While this wasn’t my favorite book, I really enjoyed it and the ending left me wanting more, so if a sequel were ever to be written, I would definitely love to read it because I want more of Agatha and Hendrix and exploring the potential they have to be something great. ( )
  SWONroyal | Mar 6, 2018 |
*Read at work for review for ROYAL*

Julie Halpern’s Meant to Be presents the all important topic of choice and free will, specifically in relation to our love lives and who we are meant to be with.

Main character Agatha is living in a quasi dystopian world where on your eighteenth birthday, the name of your soulmate, or in the case “meant to be” appears on your chest, over your heart in their handwriting. Agatha is pretty opposed to the idea of MTBs, or as she refers to them “Empties” and would rather have complete choice in the matter of who she ends up with. The concept is fairly new, having basically come out of nowhere six years prior, without any explanation. She’s seen the MTB tear families apart, specifically her own, and is skeptical about their validity.

Instead of immediately contacting her MTB, Hendrix Cutter, she instead decides to have a summer fling with her amusement park coworker Luke, while figuring out how to tell her mom that she doesn’t want to go to college in the fall, but instead wants to move to Australia and live and work and travel.

This was an interesting read for me. I LOVE the soulmate trope, and the different ways it’s enacted is always enticing. Agatha is likable enough, and is often cracking jokes at her own expense. She’s also sarcastic and confident, but a little immature. Her comments about her body, specifically the size of her breasts and the passing of gas were funny at first, but quickly became annoying with the amount of time she spent lamenting about each of the topics whenever she got the chance. I really liked certain aspects about her and found her funny for the most part, but there were still some moments where I wanted her to just stop.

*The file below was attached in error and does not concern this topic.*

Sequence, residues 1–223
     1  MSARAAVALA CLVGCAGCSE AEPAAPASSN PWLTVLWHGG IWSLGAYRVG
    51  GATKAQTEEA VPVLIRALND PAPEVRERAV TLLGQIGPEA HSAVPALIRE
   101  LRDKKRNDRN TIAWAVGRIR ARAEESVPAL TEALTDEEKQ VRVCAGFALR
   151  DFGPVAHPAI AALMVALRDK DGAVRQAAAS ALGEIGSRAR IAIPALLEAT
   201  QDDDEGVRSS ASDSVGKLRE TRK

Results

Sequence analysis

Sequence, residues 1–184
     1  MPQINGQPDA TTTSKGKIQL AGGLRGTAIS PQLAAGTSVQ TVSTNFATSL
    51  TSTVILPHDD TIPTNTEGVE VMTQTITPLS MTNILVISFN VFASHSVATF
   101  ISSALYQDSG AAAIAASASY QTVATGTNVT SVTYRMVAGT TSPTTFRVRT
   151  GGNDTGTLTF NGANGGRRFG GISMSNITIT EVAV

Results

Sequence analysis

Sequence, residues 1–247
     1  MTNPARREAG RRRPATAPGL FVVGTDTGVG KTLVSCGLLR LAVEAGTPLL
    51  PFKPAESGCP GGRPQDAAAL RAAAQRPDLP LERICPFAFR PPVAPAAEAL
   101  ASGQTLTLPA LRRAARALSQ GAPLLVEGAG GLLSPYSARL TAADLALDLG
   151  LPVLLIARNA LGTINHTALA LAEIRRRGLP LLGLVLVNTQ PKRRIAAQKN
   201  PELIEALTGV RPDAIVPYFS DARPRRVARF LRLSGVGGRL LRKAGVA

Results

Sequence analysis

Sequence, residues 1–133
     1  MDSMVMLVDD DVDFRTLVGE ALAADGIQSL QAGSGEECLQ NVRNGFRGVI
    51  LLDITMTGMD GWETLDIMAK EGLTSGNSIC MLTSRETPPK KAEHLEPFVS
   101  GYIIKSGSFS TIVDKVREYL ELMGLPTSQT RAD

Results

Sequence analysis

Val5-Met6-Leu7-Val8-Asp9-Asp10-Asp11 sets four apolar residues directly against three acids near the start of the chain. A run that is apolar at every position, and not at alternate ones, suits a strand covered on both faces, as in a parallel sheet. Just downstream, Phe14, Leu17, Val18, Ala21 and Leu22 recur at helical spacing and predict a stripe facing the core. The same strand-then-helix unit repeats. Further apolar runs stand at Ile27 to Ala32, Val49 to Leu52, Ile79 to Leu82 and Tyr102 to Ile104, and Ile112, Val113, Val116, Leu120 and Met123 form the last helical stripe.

Luke is the boy Agatha decides to spend her summer fooling around with. The concept of having a choice, or seeing what else is out there before contacting her MTB was great, I just wish Luke hadn’t been such a dud. He wasn’t charming or really all that likable, and he was mainly only interested in getting himself off. I was pretty happy when they decided to go their separate ways.

One of the most enjoyable aspects of the story was getting to see the parallels between Agatha and her summer of fun and her best friend Lish, who found her MTB and almost immediately settled down with him. It was cool to get to see both ends of the spectrum in how people deal with going about meeting and interacting with their soulmate.

One of my biggest issues with the book is the ending, and mostly because that’s the portion I liked the most. Agatha begins to feels things for her MTB Hendrix and finally decides to contact him, with a little help from Lish. Getting to read the few messages of their correspondence was really sweet and funny, and it was clear that just a few emails between them had more chemistry than the whole book Agatha spent with Luke. I really really wish there was more to the two of them meeting; the little bit we got was so nice, but it just wasn’t enough.

While this wasn’t my favorite book, I really enjoyed it and the ending left me wanting more, so if a sequel were ever to be written, I would definitely love to read it because I want more of Agatha and Hendrix and exploring the potential they have to be something great.
( )
  mmalyn | Feb 24, 2018 |